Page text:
Jasper Johns is 93 years old today
Jasper Johns in his Stony Point, NY studio
Photo by Hans Namuth
Jasper Johns is 93 years old today.
A painter and printmaker, Johns was born in Augusta, Georgia, and spent his early life in Allendale, South Carolina with his paternal grandparents after his parents' marriage failed. He then spent a year living with his mother in Columbia, South Carolina, and thereafter spent several years living with his aunt, Gladys, in Lake Murray, South Carolina, twenty-two miles from Columbia.
Johns completed high school in Sumter, South Carolina, where he once again lived with his mother. Recounting this period in his life, he once said, "In the place where I was a child, there were no artists and there was no art, so I really didn't know what that meant. I think I thought it meant that I would be in a situation different than the one that I was in."
Johns studied a total of three semesters at the University of South Carolina, from 1947 to 1948. He then moved to New York City and studied briefly at the Parsons School of Design in 1949. In 1952 and 1953, he was stationed in Sendai, Japan, during the Korean War.
In 1954, after returning to New York, Johns met Robert Rauschenberg and they became long-term lovers. For a time they lived in the same building as Rachel Rosenthal. In the same period, he was strongly influenced by the gay couple Merce Cunningham (a choreographer) and John Cage (a composer). Working together, they explored the contemporary art scene and began developing their ideas on art.
In 1958, Leo Castelli, the gallery owner, discovered Johns while visiting Rauschenberg's studio. Castelli gave him his first solo show. It was here that Alfred Barr, the founding director of New York's Museum of Modern Art, purchased four works from this show.
In 1963, Johns and Cage founded Foundation for Contemporary Performance Arts, now known as Foundation for Contemporary Arts in New York City.
Johns currently lives in Sharon, Connecticut, and on the Island of Saint Martin. Until 2012, he lived in a rustic 1930s farmhouse with a glass-walled studio in Stony Point, New York. He first began visiting St. Martin in the late 1960s and bought the property there in 1972.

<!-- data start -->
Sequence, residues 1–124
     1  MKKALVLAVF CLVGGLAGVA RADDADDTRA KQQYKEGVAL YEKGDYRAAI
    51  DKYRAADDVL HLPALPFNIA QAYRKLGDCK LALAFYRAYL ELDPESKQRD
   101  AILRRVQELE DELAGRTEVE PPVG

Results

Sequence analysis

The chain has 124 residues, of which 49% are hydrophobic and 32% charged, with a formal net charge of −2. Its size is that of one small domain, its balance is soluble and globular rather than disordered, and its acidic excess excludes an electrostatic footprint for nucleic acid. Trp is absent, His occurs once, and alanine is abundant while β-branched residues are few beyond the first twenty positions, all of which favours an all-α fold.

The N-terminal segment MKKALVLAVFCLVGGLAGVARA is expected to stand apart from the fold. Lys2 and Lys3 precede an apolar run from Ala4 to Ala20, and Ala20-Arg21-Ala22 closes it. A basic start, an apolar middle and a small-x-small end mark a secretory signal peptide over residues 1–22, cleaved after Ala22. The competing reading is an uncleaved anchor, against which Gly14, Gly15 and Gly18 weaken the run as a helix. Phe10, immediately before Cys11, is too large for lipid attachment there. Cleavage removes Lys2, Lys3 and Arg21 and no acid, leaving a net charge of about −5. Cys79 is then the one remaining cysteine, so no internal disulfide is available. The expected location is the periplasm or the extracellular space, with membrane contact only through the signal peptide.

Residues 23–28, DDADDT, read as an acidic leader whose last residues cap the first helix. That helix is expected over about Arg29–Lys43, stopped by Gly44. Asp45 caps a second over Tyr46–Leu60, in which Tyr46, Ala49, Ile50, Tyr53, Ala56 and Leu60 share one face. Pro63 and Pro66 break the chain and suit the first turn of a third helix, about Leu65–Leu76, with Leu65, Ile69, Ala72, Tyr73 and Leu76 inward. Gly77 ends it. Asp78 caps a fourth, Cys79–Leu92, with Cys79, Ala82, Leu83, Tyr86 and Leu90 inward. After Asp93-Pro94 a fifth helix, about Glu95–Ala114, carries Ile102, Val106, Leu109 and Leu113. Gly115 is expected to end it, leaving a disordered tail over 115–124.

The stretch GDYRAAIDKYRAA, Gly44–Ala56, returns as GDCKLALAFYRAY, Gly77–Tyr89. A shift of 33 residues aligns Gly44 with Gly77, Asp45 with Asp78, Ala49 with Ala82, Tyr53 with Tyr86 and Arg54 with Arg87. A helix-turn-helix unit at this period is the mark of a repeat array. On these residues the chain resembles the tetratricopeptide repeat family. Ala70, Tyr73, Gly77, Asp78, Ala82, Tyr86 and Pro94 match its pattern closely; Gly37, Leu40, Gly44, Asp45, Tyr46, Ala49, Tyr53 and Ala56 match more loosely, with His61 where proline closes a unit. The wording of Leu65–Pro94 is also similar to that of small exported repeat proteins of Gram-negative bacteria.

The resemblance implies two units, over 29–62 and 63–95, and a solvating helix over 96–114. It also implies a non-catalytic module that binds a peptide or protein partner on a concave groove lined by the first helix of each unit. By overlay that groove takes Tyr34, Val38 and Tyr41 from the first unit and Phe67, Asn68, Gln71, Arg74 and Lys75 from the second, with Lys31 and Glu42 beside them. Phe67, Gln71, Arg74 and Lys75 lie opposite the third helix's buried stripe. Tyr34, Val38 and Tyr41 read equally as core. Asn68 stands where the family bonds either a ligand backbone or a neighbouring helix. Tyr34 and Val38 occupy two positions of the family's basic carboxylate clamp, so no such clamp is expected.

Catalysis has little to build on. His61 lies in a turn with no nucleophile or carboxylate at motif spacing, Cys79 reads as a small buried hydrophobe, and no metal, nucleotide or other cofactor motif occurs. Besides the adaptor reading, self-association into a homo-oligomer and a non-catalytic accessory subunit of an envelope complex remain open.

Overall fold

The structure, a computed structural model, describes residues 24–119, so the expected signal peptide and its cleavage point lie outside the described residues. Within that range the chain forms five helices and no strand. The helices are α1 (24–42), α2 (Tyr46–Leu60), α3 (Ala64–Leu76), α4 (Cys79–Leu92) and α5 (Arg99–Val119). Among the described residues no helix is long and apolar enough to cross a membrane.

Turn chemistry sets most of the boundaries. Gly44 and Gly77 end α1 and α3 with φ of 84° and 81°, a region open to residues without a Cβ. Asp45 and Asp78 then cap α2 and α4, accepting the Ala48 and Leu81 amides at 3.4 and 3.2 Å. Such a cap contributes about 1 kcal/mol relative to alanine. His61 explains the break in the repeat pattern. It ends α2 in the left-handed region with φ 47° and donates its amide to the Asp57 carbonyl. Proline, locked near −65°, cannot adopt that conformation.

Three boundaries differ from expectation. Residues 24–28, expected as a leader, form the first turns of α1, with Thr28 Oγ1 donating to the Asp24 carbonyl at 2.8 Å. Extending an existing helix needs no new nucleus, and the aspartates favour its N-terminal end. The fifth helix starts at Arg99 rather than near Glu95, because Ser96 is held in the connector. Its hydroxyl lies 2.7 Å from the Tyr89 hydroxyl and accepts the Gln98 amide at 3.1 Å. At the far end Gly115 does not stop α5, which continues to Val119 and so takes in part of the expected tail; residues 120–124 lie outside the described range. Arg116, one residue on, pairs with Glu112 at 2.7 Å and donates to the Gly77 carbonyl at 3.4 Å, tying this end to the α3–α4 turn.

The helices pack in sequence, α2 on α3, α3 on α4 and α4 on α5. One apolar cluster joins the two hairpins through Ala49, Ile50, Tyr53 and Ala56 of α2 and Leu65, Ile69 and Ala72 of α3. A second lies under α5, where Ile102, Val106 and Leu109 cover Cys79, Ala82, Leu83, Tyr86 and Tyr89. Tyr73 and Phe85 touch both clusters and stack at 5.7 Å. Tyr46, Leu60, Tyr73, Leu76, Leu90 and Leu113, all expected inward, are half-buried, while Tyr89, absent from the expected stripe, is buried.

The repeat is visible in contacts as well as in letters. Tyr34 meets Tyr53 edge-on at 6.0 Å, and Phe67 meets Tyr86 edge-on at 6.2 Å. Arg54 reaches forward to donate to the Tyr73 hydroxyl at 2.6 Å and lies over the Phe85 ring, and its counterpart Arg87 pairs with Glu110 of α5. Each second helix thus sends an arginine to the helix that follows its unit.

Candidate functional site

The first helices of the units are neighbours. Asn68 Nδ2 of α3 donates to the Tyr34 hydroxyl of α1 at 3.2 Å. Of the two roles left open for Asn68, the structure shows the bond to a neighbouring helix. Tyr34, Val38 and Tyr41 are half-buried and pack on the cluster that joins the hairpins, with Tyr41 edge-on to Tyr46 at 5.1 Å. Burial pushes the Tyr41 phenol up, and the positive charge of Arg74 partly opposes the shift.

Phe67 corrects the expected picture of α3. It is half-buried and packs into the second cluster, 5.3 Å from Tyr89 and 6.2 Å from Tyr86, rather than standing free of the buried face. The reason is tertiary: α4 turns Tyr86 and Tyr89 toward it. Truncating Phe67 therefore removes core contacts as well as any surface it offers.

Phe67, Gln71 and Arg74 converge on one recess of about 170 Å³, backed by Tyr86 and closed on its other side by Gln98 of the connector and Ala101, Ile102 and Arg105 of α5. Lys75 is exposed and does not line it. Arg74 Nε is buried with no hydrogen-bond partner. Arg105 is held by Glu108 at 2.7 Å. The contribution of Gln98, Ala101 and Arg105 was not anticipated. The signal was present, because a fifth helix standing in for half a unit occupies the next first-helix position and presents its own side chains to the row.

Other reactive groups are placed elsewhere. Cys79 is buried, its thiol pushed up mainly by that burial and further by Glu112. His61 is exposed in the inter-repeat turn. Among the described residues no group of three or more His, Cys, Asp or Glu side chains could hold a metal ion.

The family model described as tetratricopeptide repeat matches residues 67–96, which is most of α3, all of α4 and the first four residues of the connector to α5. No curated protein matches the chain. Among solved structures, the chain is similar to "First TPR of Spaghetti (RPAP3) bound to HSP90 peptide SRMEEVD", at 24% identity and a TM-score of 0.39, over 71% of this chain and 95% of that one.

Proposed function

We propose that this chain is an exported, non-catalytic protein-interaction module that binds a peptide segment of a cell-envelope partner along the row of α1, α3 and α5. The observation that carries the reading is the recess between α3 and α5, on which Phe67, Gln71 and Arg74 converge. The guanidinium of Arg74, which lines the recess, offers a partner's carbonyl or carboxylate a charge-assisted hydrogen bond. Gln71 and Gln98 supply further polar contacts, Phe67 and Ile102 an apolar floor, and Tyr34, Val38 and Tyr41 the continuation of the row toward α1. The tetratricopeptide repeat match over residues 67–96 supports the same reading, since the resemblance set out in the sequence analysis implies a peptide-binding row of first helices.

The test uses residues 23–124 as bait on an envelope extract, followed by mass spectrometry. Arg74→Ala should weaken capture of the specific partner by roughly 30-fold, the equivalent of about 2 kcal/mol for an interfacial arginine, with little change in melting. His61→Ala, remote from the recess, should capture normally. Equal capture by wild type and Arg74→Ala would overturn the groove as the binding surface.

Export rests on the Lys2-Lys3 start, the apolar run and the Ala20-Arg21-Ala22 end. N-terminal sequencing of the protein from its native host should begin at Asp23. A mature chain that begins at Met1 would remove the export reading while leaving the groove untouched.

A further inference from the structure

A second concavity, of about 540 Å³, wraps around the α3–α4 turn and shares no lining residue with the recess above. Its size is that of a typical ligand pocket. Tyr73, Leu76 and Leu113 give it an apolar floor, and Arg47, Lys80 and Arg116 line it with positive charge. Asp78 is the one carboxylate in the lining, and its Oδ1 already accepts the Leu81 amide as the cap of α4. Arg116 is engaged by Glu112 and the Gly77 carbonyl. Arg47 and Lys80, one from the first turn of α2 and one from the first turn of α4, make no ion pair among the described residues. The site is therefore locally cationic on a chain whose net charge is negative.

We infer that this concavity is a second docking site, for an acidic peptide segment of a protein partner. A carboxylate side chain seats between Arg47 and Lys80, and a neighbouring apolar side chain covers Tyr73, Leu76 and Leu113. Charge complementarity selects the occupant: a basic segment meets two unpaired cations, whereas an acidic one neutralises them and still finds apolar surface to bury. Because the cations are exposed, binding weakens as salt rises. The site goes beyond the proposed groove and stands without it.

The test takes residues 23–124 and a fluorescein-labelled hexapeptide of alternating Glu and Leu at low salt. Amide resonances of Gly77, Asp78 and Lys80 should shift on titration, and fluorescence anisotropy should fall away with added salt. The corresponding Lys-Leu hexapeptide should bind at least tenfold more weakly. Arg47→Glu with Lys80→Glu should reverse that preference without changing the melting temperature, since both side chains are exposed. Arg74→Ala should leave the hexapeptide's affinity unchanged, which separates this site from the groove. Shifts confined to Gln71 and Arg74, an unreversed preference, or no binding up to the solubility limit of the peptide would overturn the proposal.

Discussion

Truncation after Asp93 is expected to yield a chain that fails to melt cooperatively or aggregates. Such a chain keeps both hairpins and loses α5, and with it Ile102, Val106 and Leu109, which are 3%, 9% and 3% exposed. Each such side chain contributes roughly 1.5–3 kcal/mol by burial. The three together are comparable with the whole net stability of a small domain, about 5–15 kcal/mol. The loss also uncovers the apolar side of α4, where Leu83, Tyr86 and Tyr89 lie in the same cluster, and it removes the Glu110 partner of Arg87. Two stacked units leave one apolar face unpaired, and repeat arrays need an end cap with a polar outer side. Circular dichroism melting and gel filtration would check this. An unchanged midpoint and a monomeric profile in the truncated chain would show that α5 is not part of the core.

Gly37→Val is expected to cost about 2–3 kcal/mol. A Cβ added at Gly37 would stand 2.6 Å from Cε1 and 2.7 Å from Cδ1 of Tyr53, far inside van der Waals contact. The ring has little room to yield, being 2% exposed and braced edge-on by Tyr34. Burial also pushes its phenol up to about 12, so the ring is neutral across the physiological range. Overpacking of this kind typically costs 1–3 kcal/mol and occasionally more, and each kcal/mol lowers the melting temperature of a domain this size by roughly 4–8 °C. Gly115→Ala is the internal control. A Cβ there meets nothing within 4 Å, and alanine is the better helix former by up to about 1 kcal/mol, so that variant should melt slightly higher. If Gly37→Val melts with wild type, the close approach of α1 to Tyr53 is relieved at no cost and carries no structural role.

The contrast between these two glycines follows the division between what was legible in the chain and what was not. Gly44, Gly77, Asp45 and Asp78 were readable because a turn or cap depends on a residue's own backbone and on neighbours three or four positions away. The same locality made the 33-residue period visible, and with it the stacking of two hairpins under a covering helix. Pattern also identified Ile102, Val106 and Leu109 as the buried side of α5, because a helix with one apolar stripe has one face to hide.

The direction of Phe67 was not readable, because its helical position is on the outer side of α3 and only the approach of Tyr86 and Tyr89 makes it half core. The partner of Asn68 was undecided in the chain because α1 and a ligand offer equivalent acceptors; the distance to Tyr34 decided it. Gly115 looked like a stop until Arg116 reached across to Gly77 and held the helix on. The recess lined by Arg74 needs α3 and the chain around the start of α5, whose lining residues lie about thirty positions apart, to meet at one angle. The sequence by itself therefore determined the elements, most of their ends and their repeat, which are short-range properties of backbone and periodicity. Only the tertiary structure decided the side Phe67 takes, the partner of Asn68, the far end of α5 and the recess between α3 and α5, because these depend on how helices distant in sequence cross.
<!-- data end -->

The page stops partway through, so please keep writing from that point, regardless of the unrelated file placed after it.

The architect Philip Johnson is the principal designer of his home — a long, white, rectangular structure divided into three distinct sections.
Johns is best known for his painting Flag (1954–55), which he painted after having a dream of the American flag. His work is often described as a Neo-Dadaist, as opposed to pop art, even though his subject matter often includes images and objects from popular culture. Still, many compilations on pop art include Jasper Johns as a pop artist because of his artistic use of classical iconography.
Early works were composed using simple schema such as flags, maps, targets, letters and numbers. Johns' treatment of the surface is often lush and painterly. He is famous for incorporating such media as encaustic and plaster relief in his paintings.
Johns played with and presented opposites, contradictions, paradoxes and ironies, much like Marcel Duchamp (who was associated with the Dada movement). Johns also produces intaglio prints, sculptures and lithographs with similar motifs.
Johns' breakthrough move, which was to inform much later work by others, was to appropriate popular iconography for painting, thus allowing a set of familiar associations to answer the need for subject. Though the abstract expressionists disdained subject matter, it could be argued that in the end, they had simply changed subjects. Johns neutralized the subject, so that something like a pure painted surface could declare itself.
For twenty years after Johns painted Flag, the surface could suffice – for example, in Andy Warhol's silkscreens or in Robert Irwin's illuminated ambient works.
Since the 1980s, Johns typically produces only four to five paintings a year; some years he produces none. His large-scale paintings are much favored by collectors and because of their rarity are extremely difficult to acquire. His works from the mid to late 1950s, typically viewed as his period of rebellion against abstract expressionism, remain his most sought after.